§        Visit a practitioner of kinesiology to help identify possible food allergies and eliminate these from your diet.  Avoid exposure to pollen, dust, mould etc.

§        Follow a regular detox programme to help alleviate any liver and bowel congestion.  Eat plenty of high-fibre food on a daily basis such as peas, lentils, psyllium husks, flaxseeds. 

§        Eat a healthy diet; eating small meals/healthy snacks regularly throughout the day to keep your blood sugar levels up as hypoglycaemia (low blood sugar) can often trigger migraines

§        Change your diet include plenty of wholefoods, vegetables, oily fish, high quality protein, apples, onions, garlic, seeds, berries and fruits. The only dairy permitted in small quantities is butter and bio-yoghurt.  A small starchy snack last thing at night may help.

§        Eliminate stimulants to help rebalance your hormones.  Eliminate foods such as tea, coffee, alcohol, caffeine, chocolate, soft drinks, grains, processed foods, foods containing MSG (monosodium glutamate), nitrite preservatives found in hot dogs, ham, bacon and salami, plus simple sugars and simple starches, so that hormone balance can be restored.

§       In addition to the above, AVOID the following common migraine food triggers: Rich, fatty or spicy foods, pork, maize/corn, rye, citrus fruit, wheat, coffee, cheese, chicken, liver, pickled herrings, broad bean pods, tinned figs and also eggs, avocados, tomatoes, strawberries, spinach, plums, bananas, raspberries and yeast extract.  Try to eliminate these one at a time to see which is at the root cause.


§         Drink plenty of fresh vegetable juices.


§        Useful herbal supplements: Feverfew, 5-HTP, Calcium Magnesium, Antioxidants, Multivitamin & Mineral, Vitamin B-Complex 200mg (especially Vitamin B2 Riboflavin 25mg, B3 Niacin (vasodilator) 100mg and B6 25mg and B 12 10mg), Vitamin C 1000mg, Omega-3 Oils and also St. John’s Wort and Hops, Valerian and Passion Flower are traditional remedies for anxiety and stress that can help the body relax and unwind, with no side-effects.


§     Other useful herbs include: Bayleaf, cayenne pepper, ginger, peppermint, ginkgo biloba, passion-flower.


§      Avoid taking aspirin or migraine drugs as these constrict the blood vessels.


§        AVOID TOO MUCH STRESS, try to get a balance in life with plenty of rest and relaxation - take up yoga or pilates.  Importantly, avoid too little or too much sleep.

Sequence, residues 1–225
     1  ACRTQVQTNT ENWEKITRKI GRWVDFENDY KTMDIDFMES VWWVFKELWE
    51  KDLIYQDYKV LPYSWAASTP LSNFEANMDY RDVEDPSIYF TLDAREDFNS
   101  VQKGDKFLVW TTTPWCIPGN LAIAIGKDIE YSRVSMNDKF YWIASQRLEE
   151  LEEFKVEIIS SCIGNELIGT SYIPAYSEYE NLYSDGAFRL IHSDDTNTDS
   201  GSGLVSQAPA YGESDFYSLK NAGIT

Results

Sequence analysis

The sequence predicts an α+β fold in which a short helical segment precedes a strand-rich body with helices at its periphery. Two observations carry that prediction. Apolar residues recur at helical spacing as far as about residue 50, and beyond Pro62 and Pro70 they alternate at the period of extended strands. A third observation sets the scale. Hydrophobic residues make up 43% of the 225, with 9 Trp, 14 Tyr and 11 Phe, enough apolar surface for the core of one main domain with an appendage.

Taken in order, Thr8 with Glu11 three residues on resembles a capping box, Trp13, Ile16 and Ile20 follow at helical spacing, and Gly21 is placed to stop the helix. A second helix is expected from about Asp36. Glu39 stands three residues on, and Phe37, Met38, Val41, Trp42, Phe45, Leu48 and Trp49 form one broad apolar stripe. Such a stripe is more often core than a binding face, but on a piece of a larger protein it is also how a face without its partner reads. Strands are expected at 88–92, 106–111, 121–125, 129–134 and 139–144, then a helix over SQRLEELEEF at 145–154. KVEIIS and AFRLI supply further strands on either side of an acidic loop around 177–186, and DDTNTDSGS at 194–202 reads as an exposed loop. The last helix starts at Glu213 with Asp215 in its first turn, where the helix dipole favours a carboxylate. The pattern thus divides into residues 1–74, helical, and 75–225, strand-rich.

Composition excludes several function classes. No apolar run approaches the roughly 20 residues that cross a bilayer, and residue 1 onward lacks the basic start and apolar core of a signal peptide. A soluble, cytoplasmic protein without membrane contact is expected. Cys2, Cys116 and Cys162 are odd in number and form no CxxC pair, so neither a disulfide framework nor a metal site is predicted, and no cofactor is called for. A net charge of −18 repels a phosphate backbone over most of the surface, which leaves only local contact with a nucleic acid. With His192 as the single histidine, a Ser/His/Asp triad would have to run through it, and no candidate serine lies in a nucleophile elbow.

§        Try to take regular exercise, swimming is especially effective.


§        Use an ice cold compress on the forehead that contains any of these essential oils: chamomile, lavender, thyme or basil.

§        Seek the assistance of a chiropractor, osteopath or cranial osteopath to realign bones in the neck and skull.

§        Reflexology is very helpful and regular treatments prevent the recurrence of the condition.  Try the treatment once a week for a month, reducing to fortnightly and then monthly.

§        Homeopathy is another treatment for headaches and migraine - so consult a qualified practitioner so that the ‘prescription’ can be tailor-made to match your specific symptoms.

§        Acupuncture and also shiatsu massage, Indian head, neck and shoulder massage is also recommended.

§       The use of magnets or natural crystals are very powerful and can often provide relief from migraines and can help restore balance, stability and harmony within the body. 

As you can see, your diet and lifestyle always play a major part, so do be prepared to make some long-term changes if you want to avoid the recurrence of those debilitating migraines.  Take control and get on with your life!

The nutritional supplement product links stated in this article can only be purchased from this website in UK and in Europe; however all other health product links stated on this page are available worldwide from Natural Body Healing.  


The above information should not be treated as a substitute for the medical advice of your own doctor or any other health care professional.